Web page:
U.S. EPA recognizes the 1998 Honda Civic GX natural gas vehicle as the cleanest internal combustion engine it has ever tested.
Honda introduces ultra-quiet portable inverter generators that achieve substantially higher fuel economy and lower emissions than conventional generators.
Honda becomes the first company to introduce an entire line of highperformance outboard motors that meet U.S. EPA emission standards proposed for the year 2006.
First CARB-certified gasoline super-ultra-low-emission vehicle (SULEV) in the industry is introduced: the 2000 Honda Accord.
Honda introduces FCX-V1 and FCX-V2 prototype fuel cell electric vehicles.
First gas-electric hybrid vehicle is introduced in North America: the 2000 Honda Insight.
2000 – 2009
First 50-state ultra-low-emission vehicle (ULEV) is introduced: the 2001 Civic.
First product of any kind receives the Sierra Club Excellence in Environmental Engineering Award: the 2000 Honda Insight.
First vehicle certified as an advanced technology partial zero-emission vehicle (AT-PZEV) by California’s Air Resource Board (CARB): the 2001 Civic GX.
First production motorcycle certified to meet CARB’s 2008 emission standards, the Honda Gold Wing, is sold.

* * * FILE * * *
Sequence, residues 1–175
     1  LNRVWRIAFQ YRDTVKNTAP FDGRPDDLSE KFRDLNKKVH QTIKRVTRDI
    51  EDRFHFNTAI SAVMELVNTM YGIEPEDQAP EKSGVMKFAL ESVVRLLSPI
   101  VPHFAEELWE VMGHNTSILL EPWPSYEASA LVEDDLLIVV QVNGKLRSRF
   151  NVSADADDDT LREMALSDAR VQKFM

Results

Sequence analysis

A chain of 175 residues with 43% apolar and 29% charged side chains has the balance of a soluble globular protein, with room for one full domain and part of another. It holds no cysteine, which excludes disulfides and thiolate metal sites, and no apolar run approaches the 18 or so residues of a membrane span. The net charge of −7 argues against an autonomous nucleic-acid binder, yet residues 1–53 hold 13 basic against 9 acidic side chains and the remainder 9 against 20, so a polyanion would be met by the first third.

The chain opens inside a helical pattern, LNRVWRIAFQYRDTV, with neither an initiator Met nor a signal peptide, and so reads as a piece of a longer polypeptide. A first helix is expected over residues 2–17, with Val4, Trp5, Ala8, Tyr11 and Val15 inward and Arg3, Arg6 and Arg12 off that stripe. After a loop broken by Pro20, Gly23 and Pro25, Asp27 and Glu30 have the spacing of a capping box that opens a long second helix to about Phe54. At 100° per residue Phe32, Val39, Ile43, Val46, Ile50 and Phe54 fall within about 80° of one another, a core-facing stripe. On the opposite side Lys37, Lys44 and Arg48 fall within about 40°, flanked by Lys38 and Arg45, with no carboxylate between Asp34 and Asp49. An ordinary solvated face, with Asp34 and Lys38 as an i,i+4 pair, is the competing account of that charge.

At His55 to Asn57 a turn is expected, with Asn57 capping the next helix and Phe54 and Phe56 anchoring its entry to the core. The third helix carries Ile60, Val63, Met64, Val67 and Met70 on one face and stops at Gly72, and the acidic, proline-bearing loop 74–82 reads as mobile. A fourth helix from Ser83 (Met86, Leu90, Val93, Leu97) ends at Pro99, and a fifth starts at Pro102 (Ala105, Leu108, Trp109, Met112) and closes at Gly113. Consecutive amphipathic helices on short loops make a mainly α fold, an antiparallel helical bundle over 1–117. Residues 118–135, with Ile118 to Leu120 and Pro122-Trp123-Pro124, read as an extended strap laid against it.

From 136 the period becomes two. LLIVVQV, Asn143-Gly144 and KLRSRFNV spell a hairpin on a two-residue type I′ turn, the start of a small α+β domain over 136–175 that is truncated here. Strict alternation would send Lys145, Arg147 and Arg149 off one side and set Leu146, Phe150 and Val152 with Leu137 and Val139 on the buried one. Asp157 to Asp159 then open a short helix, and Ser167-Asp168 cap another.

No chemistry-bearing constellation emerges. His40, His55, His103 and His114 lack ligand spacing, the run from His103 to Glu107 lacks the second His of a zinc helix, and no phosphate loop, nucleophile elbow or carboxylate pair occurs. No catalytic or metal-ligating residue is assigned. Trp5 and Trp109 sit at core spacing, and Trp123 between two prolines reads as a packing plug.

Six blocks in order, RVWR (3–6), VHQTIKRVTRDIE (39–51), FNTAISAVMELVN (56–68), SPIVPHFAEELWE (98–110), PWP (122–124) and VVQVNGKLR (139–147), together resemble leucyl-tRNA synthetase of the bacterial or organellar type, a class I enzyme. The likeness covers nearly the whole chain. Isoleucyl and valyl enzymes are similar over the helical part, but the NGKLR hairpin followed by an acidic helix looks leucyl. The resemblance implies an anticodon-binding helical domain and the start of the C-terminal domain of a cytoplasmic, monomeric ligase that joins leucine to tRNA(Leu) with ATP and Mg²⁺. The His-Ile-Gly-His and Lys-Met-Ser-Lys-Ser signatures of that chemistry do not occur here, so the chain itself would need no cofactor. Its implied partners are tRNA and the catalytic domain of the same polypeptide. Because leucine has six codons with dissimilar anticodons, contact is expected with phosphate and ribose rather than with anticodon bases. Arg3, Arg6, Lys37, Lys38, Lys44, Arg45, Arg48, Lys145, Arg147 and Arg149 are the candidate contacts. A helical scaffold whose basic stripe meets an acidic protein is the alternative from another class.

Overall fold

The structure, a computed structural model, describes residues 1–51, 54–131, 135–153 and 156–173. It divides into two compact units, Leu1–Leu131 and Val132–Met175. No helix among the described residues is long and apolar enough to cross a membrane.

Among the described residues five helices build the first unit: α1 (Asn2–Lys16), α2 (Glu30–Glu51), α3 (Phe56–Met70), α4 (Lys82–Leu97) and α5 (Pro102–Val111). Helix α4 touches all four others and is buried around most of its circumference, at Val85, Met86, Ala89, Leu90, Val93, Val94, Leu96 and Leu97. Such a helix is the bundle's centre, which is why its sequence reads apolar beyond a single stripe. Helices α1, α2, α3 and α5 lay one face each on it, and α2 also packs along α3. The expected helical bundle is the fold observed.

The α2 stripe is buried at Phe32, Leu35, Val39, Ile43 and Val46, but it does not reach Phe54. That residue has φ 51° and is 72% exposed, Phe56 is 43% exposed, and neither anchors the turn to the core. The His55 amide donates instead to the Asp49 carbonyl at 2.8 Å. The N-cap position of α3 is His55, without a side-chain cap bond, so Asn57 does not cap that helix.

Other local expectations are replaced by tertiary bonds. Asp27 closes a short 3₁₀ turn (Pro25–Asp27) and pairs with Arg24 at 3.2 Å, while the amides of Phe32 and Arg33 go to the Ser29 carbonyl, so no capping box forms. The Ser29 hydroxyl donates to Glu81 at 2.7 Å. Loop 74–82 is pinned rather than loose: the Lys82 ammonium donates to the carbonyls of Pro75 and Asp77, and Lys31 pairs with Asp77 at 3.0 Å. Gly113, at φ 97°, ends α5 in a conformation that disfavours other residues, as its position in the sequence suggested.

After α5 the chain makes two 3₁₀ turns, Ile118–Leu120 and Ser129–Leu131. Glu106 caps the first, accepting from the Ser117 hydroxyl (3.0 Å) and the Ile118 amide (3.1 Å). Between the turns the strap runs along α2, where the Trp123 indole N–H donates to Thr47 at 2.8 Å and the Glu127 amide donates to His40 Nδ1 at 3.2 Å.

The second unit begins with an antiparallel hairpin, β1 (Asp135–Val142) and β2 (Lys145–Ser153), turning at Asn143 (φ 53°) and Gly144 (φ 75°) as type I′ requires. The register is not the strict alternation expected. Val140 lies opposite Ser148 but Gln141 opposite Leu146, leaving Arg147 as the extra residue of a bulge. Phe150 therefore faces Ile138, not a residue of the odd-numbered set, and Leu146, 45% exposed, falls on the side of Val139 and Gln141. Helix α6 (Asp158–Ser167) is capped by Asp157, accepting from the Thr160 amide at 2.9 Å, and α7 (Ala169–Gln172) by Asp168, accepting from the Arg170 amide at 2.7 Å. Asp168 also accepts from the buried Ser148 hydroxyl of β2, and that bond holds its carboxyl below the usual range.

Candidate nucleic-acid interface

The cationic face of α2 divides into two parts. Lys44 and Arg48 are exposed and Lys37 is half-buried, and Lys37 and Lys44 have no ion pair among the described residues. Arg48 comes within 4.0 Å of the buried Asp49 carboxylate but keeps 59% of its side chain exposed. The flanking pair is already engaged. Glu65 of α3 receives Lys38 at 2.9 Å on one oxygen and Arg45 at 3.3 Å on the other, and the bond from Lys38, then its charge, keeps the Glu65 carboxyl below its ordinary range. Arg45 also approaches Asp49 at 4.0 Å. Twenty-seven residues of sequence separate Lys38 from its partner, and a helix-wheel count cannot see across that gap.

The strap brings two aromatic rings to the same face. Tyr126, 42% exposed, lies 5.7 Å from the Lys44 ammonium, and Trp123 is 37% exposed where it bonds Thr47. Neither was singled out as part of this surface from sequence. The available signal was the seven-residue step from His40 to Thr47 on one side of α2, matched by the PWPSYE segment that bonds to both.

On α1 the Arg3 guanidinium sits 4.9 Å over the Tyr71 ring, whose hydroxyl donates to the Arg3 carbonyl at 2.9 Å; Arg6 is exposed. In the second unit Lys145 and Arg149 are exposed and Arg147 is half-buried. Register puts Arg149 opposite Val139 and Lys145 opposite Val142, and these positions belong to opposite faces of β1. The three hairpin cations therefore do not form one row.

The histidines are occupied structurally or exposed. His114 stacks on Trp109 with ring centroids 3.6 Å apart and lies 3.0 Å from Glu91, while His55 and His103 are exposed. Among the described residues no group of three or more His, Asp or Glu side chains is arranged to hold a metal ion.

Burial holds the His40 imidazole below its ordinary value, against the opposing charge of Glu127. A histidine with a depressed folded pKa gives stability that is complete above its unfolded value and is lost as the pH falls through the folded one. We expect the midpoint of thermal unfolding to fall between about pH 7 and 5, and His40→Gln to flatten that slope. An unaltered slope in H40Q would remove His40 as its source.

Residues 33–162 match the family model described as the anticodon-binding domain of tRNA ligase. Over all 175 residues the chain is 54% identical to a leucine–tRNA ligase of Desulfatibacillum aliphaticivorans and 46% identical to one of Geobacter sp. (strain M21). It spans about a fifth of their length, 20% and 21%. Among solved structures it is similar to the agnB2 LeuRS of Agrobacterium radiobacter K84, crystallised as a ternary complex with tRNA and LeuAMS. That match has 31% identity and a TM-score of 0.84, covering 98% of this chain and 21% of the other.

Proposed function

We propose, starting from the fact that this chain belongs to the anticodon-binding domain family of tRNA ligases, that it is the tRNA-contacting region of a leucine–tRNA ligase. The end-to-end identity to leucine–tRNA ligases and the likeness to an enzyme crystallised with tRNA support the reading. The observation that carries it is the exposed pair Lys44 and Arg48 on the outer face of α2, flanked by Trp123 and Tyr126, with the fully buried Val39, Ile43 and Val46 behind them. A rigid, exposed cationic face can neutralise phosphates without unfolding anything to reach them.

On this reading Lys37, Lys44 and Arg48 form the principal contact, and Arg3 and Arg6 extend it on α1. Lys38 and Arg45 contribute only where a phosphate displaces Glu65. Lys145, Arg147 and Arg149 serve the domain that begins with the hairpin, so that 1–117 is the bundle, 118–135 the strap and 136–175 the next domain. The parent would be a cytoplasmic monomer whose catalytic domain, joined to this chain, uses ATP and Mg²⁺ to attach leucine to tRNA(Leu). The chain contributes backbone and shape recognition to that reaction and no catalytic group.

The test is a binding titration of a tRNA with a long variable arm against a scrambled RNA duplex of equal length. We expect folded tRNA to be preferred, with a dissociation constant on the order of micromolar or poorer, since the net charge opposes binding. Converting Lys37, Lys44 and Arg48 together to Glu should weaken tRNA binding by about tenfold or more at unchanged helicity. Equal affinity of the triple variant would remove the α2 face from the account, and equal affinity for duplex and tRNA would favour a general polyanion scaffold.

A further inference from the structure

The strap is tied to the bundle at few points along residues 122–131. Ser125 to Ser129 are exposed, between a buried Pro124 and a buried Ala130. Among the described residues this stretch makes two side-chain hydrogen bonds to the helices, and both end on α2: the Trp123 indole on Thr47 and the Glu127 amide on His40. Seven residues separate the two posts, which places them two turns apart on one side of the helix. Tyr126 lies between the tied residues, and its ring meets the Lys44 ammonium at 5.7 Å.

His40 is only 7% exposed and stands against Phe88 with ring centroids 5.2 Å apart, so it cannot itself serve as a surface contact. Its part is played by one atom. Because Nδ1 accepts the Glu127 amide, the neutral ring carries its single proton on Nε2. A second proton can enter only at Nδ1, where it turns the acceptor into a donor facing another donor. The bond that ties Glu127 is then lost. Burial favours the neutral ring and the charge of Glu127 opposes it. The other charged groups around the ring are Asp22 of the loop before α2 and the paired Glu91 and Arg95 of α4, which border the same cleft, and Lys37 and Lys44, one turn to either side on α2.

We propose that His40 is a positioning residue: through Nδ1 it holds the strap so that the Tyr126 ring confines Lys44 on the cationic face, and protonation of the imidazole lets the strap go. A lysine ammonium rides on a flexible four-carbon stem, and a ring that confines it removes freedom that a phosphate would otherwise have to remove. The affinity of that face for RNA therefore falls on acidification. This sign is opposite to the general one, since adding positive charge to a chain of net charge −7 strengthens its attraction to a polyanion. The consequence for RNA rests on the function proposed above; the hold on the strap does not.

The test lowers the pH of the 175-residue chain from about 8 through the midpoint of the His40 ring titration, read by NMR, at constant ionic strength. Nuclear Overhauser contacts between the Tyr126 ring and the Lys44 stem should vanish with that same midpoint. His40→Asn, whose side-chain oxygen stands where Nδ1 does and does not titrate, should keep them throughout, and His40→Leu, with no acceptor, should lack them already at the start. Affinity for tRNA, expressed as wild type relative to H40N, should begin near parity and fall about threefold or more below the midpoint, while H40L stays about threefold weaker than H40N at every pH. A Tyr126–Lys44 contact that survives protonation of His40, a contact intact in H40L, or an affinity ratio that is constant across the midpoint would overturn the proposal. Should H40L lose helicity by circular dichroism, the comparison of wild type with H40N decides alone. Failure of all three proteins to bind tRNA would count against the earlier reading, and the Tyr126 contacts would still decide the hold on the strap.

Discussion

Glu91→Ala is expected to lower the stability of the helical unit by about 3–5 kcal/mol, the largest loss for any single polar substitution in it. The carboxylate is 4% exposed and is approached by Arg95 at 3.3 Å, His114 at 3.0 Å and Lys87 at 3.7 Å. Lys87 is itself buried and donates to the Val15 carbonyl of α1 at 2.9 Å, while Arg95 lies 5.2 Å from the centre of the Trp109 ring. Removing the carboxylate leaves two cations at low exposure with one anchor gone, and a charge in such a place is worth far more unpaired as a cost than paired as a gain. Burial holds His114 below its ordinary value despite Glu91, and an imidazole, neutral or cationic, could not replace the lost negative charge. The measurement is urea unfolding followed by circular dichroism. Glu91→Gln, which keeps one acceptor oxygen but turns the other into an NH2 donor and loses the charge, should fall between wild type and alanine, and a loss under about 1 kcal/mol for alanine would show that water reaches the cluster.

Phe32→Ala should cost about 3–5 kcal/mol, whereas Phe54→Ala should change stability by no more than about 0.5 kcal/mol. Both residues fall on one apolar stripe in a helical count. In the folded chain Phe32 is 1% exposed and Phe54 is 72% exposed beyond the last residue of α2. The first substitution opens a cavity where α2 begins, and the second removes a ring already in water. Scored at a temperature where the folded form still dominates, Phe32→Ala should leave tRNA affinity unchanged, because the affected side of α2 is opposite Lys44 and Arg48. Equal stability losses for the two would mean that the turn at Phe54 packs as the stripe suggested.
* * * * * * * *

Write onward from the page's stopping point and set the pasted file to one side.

Honda is the first mass-market automaker to offer an entire lineup of cars and light trucks that meet or exceed low-emissions vehicle (LEV) standards.
First solar-powered hydrogen production and fueling station for fuel cell vehicles built and operated by an automaker opens at Honda R&D Americas’ Los Angeles Center
America’s first zero-waste-to-landfill auto plant opens in Lincoln, Alabama.
Honda introduces FCX-V3 prototype fuel cell electric vehicle.
Honda introduces first personal watercraft to meet 2006 EPA emissions standards: 2002 AquaTrax F-12 and F-12X
First application of hybrid technology to an existing mass-market car: the 2002 Civic Hybrid.
First hydrogen-powered fuel cell vehicle to receive both U.S. EPA and CARB certification for commercial use, and the first to meet applicable federal motor vehicle crash safety standards: Honda FCX.